First-time buyer numbers rose 15% in April, as more first-timers were able to access record low rates and a wider choice of mortgages, according to the latest First Time Buyer Monitor from LSL Property Services.
There were 22,000 first-time buyer transactions in April, almost 3,000 more than in March, when there were just 19,100 transactions. And the average mortgage rate remained low, only rising slightly to 4.31% in April from a record low of 4.29% in March. Annually, the average mortgage rate was 0.35% lower than in April 2012, with falling headline rates helping to attract more first-time buyers.
Buyers with smaller deposits began to reap the benefits from Funding for Lending in early 2013. The scheme has allowed lenders to offer more mortgages to high LTV borrowers. The average LTV in April 2013 rose to 80.4% from 79.9% in April 2012, reflecting greater lending to high LTV borrowers compared to last year.
However, the falling affordability of deposits kept a lid on bubbling growth in the market – and partially offset the improvements in first-time buyer mortgage availability – preventing a greater increase in transactions. The average deposit rose 3% to £27,178 in April, despite lower rates and a rise in the average LTV, because of rising house prices.
Rising house prices also affected affordability for first-time buyers and were the primary cause for the hike in deposits. The average price of property purchased by first-time buyers rose 2.0% in April, to a high of £138,632.
Annually, the increase in property price is even more apparent – prices are now 12.1% greater than in April 2012. This has had significant impact on deposit sizes. Compared with last year, deposits now represent a 4.2% greater proportion of a first-time buyer’s wage. And as rising house prices drove a rise in the average deposit, mortgage repayments also rose as a proportion of a first-time buyer’s income.
A great start to the year
There were 78.6% more transactions in April 2013 than a year ago, when there were just 12,300 transactions. However this figure is distorted, due to an artificial spike in first-time buyer numbers in March last year caused by the implementation of new stamp duty rules on the 25th March 2012, introducing a 1% stamp duty on properties valued between £125,000 and £250,000.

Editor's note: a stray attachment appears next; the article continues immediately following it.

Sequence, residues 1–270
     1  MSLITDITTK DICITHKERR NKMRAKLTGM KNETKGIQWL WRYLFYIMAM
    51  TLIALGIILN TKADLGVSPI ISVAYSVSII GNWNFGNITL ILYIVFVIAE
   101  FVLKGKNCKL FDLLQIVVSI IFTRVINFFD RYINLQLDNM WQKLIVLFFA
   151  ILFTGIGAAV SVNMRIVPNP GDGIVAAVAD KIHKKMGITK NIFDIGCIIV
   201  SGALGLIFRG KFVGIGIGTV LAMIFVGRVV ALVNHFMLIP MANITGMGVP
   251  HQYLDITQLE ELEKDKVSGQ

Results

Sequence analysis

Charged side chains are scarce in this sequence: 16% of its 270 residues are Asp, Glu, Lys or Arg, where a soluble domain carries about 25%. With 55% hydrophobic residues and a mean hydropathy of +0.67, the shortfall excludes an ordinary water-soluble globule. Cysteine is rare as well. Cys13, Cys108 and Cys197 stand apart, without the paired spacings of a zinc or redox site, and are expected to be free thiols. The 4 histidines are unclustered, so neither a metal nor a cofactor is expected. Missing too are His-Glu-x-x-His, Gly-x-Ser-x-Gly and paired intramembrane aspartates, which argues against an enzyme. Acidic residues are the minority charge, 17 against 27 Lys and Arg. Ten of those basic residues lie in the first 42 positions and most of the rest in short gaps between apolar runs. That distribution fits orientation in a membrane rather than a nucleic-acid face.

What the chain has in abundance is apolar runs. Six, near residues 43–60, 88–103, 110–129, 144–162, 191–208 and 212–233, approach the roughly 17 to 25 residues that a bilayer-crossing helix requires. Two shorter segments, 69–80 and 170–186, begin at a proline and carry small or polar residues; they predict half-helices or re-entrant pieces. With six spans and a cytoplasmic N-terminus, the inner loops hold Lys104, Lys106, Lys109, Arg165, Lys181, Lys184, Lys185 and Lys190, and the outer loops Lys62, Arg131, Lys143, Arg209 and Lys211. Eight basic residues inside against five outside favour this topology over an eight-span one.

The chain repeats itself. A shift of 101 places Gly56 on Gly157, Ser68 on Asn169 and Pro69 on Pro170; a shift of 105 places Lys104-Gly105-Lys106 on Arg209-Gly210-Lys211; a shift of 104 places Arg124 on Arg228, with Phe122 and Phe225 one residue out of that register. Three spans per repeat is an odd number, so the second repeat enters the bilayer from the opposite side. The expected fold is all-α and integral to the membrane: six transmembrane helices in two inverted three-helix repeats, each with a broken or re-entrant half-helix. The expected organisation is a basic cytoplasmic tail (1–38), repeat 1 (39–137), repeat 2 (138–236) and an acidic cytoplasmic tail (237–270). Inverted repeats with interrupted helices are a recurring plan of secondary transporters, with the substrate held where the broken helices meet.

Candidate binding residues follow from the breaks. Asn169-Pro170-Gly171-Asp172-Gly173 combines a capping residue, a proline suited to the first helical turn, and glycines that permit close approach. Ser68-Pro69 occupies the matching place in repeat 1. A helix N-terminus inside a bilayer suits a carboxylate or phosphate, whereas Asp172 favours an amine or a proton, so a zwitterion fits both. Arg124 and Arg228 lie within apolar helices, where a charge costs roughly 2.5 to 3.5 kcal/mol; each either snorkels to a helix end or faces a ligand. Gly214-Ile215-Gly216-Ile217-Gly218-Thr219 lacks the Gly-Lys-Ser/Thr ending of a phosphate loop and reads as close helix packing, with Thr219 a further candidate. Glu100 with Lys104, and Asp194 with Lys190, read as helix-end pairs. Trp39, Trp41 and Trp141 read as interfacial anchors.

Considering this, it is all the more impressive that the total transactions in the first four months in 2013 has increased so significantly. The first four months of 2013 saw 72,900 borrowers secure a deposit for their first home, 15% higher compared to 63,300 in the first four months of 2012. First-time buyer lending so far this year is far stronger, even though the number of transactions in the first three months of 2012 was artificially high, thanks to the rush to beat the end of the stamp duty holiday.
David Newnes, director of LSL Property Services, owners of estate agents Your Move and Reeds Rains, said: “Transactions among first-time buyers increased significantly in April as an improvement in the availability of high LTV mortgages allowed more first-time buyers to realise their dreams of homeownership. Increased lender confidence has lead to lower rates and a wider range of first-time buyer mortgages. The result: a super-strength opening to 2013 that has seen 15% more first-buyers than last year.
“But weak wage growth and rising house prices are stymieing first-time buyer lending, and keeping a lid on a market that could otherwise be boiling away happily, by preventing further transactions. Mortgage rates may be at record lows but repayments are equal to a larger proportion of the average first-time buyer’s wage. And the size of the deposit they must save before they can purchase has increased both in monetary value and as a proportion of wage – a second blow for potential buyers that is large enough to knock many out of the ring and prevent them from buying.